Therapy helps reduce the intensity and frequency of symptoms. Exposure and response prevention therapy (ERP) is another behavioral therapy that helps patients control their symptoms by repeatedly exposing patients to the source of their obsession to encourage healthy behavioral responses. Sometimes OCD affects other people in the patient's life, such as family members and friends. Family therapy promotes understanding to reduce conflicts among family members. Family and friends also learn how to support their loved one with OCD to stay motivated to complete treatment.
Some people benefit from group therapy sessions by sharing their thoughts with peers who suffer from OCD. Group therapy helps reduce feelings of isolation while gaining encouragement from peers. It is possible to engage in one or more therapy types depending on your situation to achieve favorable results. Therapy also helps patients deal with emotional pain from their past, including unaddressed emotional stress from traumatic events. Such stress can fuel OCD symptoms, and, in some cases, it needs to be resolved before treatment is effective.
When you're not attending therapy, practice the techniques you learn. Some include managing your symptoms, and it will require regular practice to see results.
Many following an OCD treatment plan may be encouraged to change their lifestyle to gain and sustain results. These actions may range from adopting new habits to acknowledging old habits that lead to unhealthy behaviors. The right lifestyle changes may help reduce OCD symptoms and keep away emotions such as worry, fear, and anxiety.
Regular exercise provides a natural boost to your energy and mood. It may help your body stay focused and in control of symptoms. By spending 30 minutes per day, a few days a week you can start to see benefits to both your body and your mental health. It may include any activity that you are comfortable doing such as brisk walking, jogging, or aerobics. You can use your physical exercise as mental exercise also by focusing your attention on your physical movements. It is another way to calm your mind while being productive.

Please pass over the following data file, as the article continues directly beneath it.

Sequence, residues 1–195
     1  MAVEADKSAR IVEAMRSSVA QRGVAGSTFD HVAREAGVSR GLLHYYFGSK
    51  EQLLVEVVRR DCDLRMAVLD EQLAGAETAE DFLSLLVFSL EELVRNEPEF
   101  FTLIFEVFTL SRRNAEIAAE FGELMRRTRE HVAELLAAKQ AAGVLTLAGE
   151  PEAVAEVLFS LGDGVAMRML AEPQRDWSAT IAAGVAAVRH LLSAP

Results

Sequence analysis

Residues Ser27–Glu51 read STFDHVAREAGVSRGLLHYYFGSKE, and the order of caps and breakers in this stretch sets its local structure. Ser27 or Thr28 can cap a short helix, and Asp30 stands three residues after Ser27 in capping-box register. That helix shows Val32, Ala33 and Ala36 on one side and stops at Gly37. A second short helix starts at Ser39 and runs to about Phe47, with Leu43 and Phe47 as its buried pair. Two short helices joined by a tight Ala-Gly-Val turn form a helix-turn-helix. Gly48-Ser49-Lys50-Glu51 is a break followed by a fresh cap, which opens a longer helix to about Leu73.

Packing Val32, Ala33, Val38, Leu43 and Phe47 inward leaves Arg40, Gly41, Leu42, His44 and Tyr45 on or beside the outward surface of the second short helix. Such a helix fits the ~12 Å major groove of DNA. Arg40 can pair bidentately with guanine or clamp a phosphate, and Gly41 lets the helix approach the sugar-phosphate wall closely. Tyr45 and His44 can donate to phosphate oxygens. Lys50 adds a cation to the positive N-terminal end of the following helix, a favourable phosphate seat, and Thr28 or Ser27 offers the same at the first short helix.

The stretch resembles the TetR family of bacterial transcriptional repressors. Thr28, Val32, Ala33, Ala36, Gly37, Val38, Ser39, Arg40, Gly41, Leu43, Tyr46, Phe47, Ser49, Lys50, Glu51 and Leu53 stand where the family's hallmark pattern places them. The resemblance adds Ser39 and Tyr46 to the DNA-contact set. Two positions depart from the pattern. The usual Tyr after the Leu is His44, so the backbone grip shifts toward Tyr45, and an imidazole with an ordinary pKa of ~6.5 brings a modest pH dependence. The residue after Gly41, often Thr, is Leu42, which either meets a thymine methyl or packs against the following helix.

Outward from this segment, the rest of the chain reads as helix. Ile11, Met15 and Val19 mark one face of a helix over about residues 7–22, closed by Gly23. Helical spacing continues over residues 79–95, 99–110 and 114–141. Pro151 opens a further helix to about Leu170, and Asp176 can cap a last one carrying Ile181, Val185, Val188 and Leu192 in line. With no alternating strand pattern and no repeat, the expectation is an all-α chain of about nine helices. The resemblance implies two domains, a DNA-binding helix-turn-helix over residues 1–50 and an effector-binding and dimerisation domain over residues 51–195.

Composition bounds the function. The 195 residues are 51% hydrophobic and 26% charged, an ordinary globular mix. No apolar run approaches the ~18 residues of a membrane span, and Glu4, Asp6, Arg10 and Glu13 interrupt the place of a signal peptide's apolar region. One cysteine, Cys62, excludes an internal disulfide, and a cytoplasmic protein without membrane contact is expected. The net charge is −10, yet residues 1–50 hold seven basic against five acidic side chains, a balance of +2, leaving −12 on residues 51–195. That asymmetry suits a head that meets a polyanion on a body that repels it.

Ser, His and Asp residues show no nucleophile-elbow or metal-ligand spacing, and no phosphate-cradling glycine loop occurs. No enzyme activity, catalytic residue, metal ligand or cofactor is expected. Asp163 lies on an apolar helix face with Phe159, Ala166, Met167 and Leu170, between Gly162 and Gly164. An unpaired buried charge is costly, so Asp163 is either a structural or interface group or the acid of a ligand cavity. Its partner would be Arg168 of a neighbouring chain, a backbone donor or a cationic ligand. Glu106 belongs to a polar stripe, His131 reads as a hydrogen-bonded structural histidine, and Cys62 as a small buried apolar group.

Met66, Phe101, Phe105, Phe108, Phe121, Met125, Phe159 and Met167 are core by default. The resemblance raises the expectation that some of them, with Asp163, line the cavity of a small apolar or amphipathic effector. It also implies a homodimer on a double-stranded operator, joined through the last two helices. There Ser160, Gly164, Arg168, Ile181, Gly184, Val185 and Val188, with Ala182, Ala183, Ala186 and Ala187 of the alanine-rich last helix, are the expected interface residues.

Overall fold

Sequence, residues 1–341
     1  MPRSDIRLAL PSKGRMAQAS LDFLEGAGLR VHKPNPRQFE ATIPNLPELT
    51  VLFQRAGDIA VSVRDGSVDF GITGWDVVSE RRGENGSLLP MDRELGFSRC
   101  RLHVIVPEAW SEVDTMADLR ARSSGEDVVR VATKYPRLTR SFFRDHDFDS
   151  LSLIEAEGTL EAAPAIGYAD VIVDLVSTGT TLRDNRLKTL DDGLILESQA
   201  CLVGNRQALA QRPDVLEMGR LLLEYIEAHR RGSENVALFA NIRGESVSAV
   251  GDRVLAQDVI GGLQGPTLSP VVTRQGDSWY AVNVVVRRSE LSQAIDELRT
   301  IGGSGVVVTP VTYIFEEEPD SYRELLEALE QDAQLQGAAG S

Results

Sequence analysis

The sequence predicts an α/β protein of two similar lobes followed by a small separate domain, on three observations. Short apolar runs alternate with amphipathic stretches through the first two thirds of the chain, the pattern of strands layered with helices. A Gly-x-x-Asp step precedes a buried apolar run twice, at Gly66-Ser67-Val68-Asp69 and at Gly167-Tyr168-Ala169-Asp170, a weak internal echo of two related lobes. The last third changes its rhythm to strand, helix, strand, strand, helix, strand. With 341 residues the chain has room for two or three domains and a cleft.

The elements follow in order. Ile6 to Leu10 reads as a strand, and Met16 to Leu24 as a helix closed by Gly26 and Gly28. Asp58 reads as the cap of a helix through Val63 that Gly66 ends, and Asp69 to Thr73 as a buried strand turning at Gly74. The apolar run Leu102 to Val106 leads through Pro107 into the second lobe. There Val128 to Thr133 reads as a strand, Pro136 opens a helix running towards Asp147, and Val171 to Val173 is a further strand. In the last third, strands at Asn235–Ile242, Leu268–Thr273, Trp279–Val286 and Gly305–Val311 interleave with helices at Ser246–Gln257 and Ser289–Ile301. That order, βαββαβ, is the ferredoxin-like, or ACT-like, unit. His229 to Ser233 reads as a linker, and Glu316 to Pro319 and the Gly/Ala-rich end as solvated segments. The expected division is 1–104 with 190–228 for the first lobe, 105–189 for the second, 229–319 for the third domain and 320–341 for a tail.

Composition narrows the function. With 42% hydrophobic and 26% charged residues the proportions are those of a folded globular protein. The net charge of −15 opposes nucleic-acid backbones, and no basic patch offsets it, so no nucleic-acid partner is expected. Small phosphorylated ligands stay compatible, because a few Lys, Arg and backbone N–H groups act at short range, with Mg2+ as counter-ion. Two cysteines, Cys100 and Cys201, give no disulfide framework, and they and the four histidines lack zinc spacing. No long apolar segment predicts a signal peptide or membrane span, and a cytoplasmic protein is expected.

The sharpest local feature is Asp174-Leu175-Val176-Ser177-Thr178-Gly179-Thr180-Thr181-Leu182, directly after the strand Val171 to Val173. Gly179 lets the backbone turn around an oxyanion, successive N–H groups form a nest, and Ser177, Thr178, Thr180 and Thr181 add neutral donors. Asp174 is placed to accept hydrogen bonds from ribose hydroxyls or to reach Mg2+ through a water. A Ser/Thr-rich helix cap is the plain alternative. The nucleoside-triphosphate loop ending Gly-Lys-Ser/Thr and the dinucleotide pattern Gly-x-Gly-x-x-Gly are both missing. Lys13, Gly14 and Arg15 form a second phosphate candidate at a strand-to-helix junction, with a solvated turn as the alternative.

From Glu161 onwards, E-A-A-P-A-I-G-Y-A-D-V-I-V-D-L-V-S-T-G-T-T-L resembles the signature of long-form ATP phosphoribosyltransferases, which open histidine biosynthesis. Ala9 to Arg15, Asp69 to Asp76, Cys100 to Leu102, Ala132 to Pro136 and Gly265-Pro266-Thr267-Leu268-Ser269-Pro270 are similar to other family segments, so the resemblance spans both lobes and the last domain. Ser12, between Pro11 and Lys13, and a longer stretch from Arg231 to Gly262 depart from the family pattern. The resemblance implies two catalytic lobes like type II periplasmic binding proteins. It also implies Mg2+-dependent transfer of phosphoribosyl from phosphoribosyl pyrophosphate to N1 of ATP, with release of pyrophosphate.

Get plenty of sleep at night. A sleep schedule reduces the risk of being tired during the day leading to anxiety or insomnia. Lack of sleep also fuels anxious thoughts. When you have plenty of rest, it makes it easier to cope. If you have an anxiety disorder, it may help reduce related symptoms as well as OCD concerns.
Avoid nicotine and alcohol. These elements may help reduce anxiety and worry, but it is only temporary and quickly wears off leaving you with more anxiety in the future. Some people experience higher anxiety levels and increased severity of OCD symptoms after consuming nicotine or alcohol. Learning how to manage stress by using relaxation techniques is another way to calm your mind when you feel uneasy or worried. Methods to consider include deep breathing, yoga, and mindfulness meditation.
Know Triggers, How To Resist, And Combat Obsessive Thoughts
Your triggers are warning signs that happen before you engage in compulsive or obsessive behavior. Your doctor may help you identify these issues. Make a plan to help you prepare if your symptoms return. If you experience changes in your symptoms, contact your doctor.